June 30, 2016 8:20 AM EDT

For years bookstores have been the repository of, along with books, a lot of highly romantic feelings. They crop up in fictional settings rather more often than their retail peers; the list of examples is long and charming and includes the Shop Around the Corner (You’ve Got Mail), the Travel Book Co. (Notting Hill) and Women and Women First (Portlandia). Part of that appeal lies in the sense that bookstores, especially independent ones, belong to a bygone era–there’s a delicious moribund melancholy about them. Last chance to see.

Ironically that reputation may have contributed to an unexpected plot twist, which is that independent bookstores are actually really healthy. In May the American Booksellers Association informed a grieving public that last year the number of its member stores actually increased, from 1,712 to 1,775. Counting multiple locations, the total climbed to 2,311. You can’t even call it a fluke, because this is the seventh straight year it’s happened.

The numbers are growing because business is growing. Independent-bookstore sales were up around 5% in the first four months of this year. Indies accounted for about 10% of all books sold last year, which is up from 7% in 2014. This isn’t a reflection of good news across the broader book business: the number of Barnes & Noble stores has shrunk from 726 in 2009 to 640, and sales at the chain have slipped every year since 2012. It’s also not true in the U.K., where the number of independent bookstores (sorry, bookshops) shrank 3% last year. But apparently Americans like independent bookstores, and they like buying things there.

The revival of the neighborhood bookstore has a few different causes. Some are prosaic: new technology makes things like accounting and inventory management easier for small stores. The growth of social media makes it easier to promote events. The demise of the Borders chain in 2011 had the effect, in some markets, of taking competitive pressure off indies.

But there are other, less tangible reasons too. When Brian Lampkin followed his wife’s medical practice to Greensboro, N.C., he felt the lack of an indie bookstore downtown. “It was so clear that downtown Greensboro was coming back to life,” he says, “and I just have this prejudice that every city needs a really good independent bookstore.” So he did something about it: he renovated a beautiful brick building that dates from 1898, and in 2013 he opened Scuppernong Books there; the bookstore is paired with a wine-and-coffee café in the same space. Scuppernong stocks a literary-leaning list. “We’re letting Amazon and Barnes & Noble take care of the best sellers,” Lampkin says. “Where are you going to get poetry? Some Barnes & Nobles you walk into, you’re lucky to find Emily Dickinson.” The store now has a staff of eight.

Businesses like Scuppernong are also benefiting from a surprise twist in the story of the e-book. After Amazon launched the Kindle in 2007, e-books began a relentless conquest of the book market, from 9% of unit sales in 2010 to 28% in 2013, at which point their eventual dominance began to feel like technological manifest destiny.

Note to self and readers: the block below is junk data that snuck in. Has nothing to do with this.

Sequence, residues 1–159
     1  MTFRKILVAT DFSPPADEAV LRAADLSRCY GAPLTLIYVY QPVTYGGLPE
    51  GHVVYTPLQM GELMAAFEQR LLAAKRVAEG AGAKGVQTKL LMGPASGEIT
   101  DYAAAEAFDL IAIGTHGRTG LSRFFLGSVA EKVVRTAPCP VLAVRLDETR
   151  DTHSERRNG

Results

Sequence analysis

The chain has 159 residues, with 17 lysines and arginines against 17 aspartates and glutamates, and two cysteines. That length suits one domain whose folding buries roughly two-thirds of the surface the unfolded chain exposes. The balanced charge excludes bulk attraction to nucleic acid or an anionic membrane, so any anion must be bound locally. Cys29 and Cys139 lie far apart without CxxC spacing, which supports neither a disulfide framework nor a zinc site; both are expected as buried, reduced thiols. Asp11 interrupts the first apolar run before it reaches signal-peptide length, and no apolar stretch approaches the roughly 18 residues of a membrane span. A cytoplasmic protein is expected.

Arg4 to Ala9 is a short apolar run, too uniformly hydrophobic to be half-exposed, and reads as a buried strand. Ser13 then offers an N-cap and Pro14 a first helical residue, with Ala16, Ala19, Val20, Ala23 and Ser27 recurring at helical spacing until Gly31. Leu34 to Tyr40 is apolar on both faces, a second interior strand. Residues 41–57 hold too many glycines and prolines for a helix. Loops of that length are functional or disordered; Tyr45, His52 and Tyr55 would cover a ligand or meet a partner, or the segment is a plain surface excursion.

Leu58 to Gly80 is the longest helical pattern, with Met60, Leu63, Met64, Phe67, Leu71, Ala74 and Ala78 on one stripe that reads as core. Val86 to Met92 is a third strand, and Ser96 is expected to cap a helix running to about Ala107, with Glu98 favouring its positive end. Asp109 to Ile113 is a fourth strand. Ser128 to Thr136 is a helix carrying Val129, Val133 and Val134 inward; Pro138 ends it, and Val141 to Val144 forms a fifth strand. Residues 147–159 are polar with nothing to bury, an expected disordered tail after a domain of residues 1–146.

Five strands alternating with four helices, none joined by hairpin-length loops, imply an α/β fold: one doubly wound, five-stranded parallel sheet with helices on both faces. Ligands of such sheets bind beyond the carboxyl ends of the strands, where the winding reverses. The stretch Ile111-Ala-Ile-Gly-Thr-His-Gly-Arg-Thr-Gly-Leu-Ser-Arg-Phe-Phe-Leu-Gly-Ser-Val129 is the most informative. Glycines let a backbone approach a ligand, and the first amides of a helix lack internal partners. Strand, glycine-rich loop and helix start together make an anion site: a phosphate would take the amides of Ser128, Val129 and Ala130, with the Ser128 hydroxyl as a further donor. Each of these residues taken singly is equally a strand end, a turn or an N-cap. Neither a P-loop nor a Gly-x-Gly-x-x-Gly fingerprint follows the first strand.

But the paper book–a piece of information technology that has, after all, been tested and honed over the past 2,000 years–has declined to give way that easily. Last year the share of e-books (at least the non-self-published kind) actually receded to 24%. The books market appears to have rebalanced itself into a complex mix of paper and digital, with neither format completely dominating, and plenty of room for brick-and-mortar retailers.

It’s becoming apparent that just as paper books turned out to have advantages over e-books, reality has its good points when compared with its virtual, two-dimensional shadow. Book-industry analysts talk a lot about “discovery,” by which they mean the ways people find and purchase new books. It turns out, according to consumer research by Nielsen, that the best method for book discovery is still standing in a roomful of books and browsing–ahead even of click-tracking, data-mining if-you-liked-this-you’ll-like-that algorithms.

No question, indie bookstores face challenges. Theirs is not a huge growth business. No one’s getting rich. “The most surprising thing is how many times people just say thank you,” Lampkin says. “I think they sort of get that there’s no real reason to do this other than love and commitment.” Even as indies gain ground, online retailers are booming too: their share of the book market was up 5% last year, and Amazon, which opened a brick-and-mortar bookstore in Seattle last year, has announced a second one, in San Diego.

But if Jeff Bezos is copying you, you know you’re doing something right. “We’re trying to create that classic third space, outside all the welter of madness,” Lampkin says. “It’s tricky and hard to do. But wine helps that a lot.”

This appears in the July 11, 2016 issue of TIME.

Contact us at letters@time.com.

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